The Independent National Electoral Commission (INEC) may use the 2010 Electoral Act to conduct the 2019 General Elections.
This comes as the 30-constitutional window for President Muhammadu Buhari to sign the Electoral Act (Amendment) Bill expires on Thursday, December 6, with no indication that he will give his assent.
Section 58 (4) of the 1999 Constitution (as amended) gives the President a 30-day period within which he is expected to either sign a bill transmitted to him by the National Assembly or communicate the withholding of his assent.
Analysts have expressed concern over the country’s inability to have an amended Electoral Act signed into law, less than three months to the polls.
It would be recalled that the National Assembly had transmitted the fourth version of the Electoral Act (Amendment) Bill to the President on November 7, 2018.
The amendment which seeks to improve the quality of elections in Nigeria, has been going back and forth between the Legislature and the Executive arm of government, with the President rejecting the alterations passed by the National Assembly on three previous occasions.
Some of the highlights of the bill include legalization of smart card reader for accreditation of voters, electronic transmission of results, stiffer sanctions for erring INEC officials, media houses among others.
Already, 75 political parties have threatened to boycott the 2019 election if President Buhari fails to sign the bill into law.
The political parties under the aegis of Inter Party Advisory Council (IPAC), are of the opinion that the Bill will ensure credible elections if signed into law by the President.
The parties that attended the IPAC meeting last week where the resolution was reached include the Action Peoples Party (APP), Action Alliance (AA), Alliance for Democracy (AD), Progressive Peoples Party (PPP), Mass Action Joint Alliance (MAJA), Better Nigeria Political Party (BNPP), All Grand Alliance Party (AGAP), Coalition for Change (C4C) Alliance for a United Nigeria (AUN), New Generation Party of Nigeria (NGP), People for Democratic Change (PDC), Restoration Party of Nigeria (RP), Young Democratic Party (YDP) among others.
But a ranking senator told BusinessDay on Wednesday that the President is not at ease with the legalization of smart card readers and electronic transmission of results to checkmate rigging.
The PDP lawmaker submitted that having benefitted from a ‘faulty process’ that brought in President Buhari in 2015 where INEC ‘disenfranchised’ people in the South by using card reader while adopting incident forms in the North which recorded massive votes for him, the President would prefer the status quo to be maintained in the 2019 election.
“The President is not comfortable with the provisions of the bill that legalised the use of card reader for accreditation as well as electronic transmission of results from Ward to Collation Centre. He prefers the analogue accreditation and results transmission which are subject to manipulation,” the lawmaker who spoke on condition of anonymity, said.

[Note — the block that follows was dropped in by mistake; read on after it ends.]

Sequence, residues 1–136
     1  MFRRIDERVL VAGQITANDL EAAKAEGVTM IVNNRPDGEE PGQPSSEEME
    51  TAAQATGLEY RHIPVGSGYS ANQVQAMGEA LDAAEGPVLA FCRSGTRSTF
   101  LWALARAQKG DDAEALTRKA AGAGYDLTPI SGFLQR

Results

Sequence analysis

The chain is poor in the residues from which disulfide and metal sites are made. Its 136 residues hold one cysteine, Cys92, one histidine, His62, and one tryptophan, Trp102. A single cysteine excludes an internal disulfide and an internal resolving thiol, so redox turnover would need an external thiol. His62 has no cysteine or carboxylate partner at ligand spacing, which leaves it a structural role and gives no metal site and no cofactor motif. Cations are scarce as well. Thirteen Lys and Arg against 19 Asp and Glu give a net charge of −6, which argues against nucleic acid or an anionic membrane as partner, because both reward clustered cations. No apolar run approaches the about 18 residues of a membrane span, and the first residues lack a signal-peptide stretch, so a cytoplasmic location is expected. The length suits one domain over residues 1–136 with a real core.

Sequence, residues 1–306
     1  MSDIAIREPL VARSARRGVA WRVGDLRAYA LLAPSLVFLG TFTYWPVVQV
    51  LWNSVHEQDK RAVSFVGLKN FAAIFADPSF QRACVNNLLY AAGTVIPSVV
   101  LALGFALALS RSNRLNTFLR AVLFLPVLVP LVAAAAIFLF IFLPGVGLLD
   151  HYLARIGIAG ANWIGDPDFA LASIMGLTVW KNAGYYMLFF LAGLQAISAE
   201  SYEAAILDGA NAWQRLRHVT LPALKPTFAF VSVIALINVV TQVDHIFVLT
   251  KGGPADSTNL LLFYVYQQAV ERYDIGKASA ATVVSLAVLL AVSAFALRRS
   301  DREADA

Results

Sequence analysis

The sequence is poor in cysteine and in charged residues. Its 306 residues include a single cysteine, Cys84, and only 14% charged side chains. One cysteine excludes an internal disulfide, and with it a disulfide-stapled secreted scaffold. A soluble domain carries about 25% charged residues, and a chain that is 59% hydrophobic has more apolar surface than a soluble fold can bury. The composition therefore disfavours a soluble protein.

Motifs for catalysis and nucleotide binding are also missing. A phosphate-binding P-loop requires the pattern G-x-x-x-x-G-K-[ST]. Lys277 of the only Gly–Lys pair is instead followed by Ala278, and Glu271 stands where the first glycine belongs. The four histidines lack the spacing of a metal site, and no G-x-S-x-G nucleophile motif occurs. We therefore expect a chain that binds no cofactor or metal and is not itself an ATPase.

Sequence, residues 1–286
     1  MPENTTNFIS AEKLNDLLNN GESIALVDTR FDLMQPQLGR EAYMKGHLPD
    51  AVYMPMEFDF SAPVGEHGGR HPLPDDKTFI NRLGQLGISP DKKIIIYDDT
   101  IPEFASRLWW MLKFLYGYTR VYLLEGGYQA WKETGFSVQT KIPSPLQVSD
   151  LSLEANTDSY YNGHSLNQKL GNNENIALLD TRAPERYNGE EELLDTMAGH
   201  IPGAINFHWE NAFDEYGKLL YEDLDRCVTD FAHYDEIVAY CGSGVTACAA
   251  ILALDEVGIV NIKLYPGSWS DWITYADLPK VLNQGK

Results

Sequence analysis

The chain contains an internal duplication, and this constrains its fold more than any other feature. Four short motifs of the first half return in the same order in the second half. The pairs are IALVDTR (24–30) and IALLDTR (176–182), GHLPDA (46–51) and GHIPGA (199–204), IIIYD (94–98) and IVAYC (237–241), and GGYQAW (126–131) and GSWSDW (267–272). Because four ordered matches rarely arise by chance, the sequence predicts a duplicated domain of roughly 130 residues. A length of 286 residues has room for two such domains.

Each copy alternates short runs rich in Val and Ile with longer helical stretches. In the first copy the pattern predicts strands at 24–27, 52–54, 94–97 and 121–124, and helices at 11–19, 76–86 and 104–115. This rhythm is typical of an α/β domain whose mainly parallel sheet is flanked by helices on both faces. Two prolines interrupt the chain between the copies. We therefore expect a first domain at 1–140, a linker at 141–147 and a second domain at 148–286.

He argued that refusal of the President to assent to the bill would adversely affect the capacity of the electoral body to conduct transparent and credible polls.
However, it appears the apex legislative chamber is already divided along Pro-Saraki and Pro-Buhari supporters on the matter.
Investigations revealed that while PDP senators belong to the Pro-Saraki camp, Pro-Buhari lawmakers are majorly from the APC. Also, most Pro-Saraki senators are in the forefront of those urging the President to sign the bill into law, while their APC counterparts think otherwise.
Just recently, the Senate Majority Leader, Ahmad Lawan had said President Buhari would not be stampeded in signing the bill.
The APC lawmaker submitted that even without the assent of the President to the 2018 Electoral Act (Amendment) Bill, the amended 2010 Electoral Act was in perfect order to guide the nation have a more transparent election in 2019.
Dismissing calls on the president to sign the bill, he urged him to take his time and scrutinise what was transmitted to him before taking a decision on whether to sign or withhold assent to the proposed legislation.
“The President is studying this bill, it is not like you will send it to him and he will immediately sign. This is a sign that he is really interested in what we sent back to him. It is for him and his advisers to read through line by line and see how best the electoral process can be enhanced.
“So, I don’t think we have run out of time. In fact I think we should encourage the president and those helping him to complete going through the bill before he signs. What is the problem? We still have the 2006 Electoral Act as amended (in 2010) that we used in 2015 for an election that was adjudged to be free, fair and an improved process. We don’t necessarily put so much pressure and unneeded criticism of the president when he is yet to complete his analysis of what has been sent to him. He needs to take his time.”
OWEDE AGBAJILEKE, Abuja
Tags: Electoral Act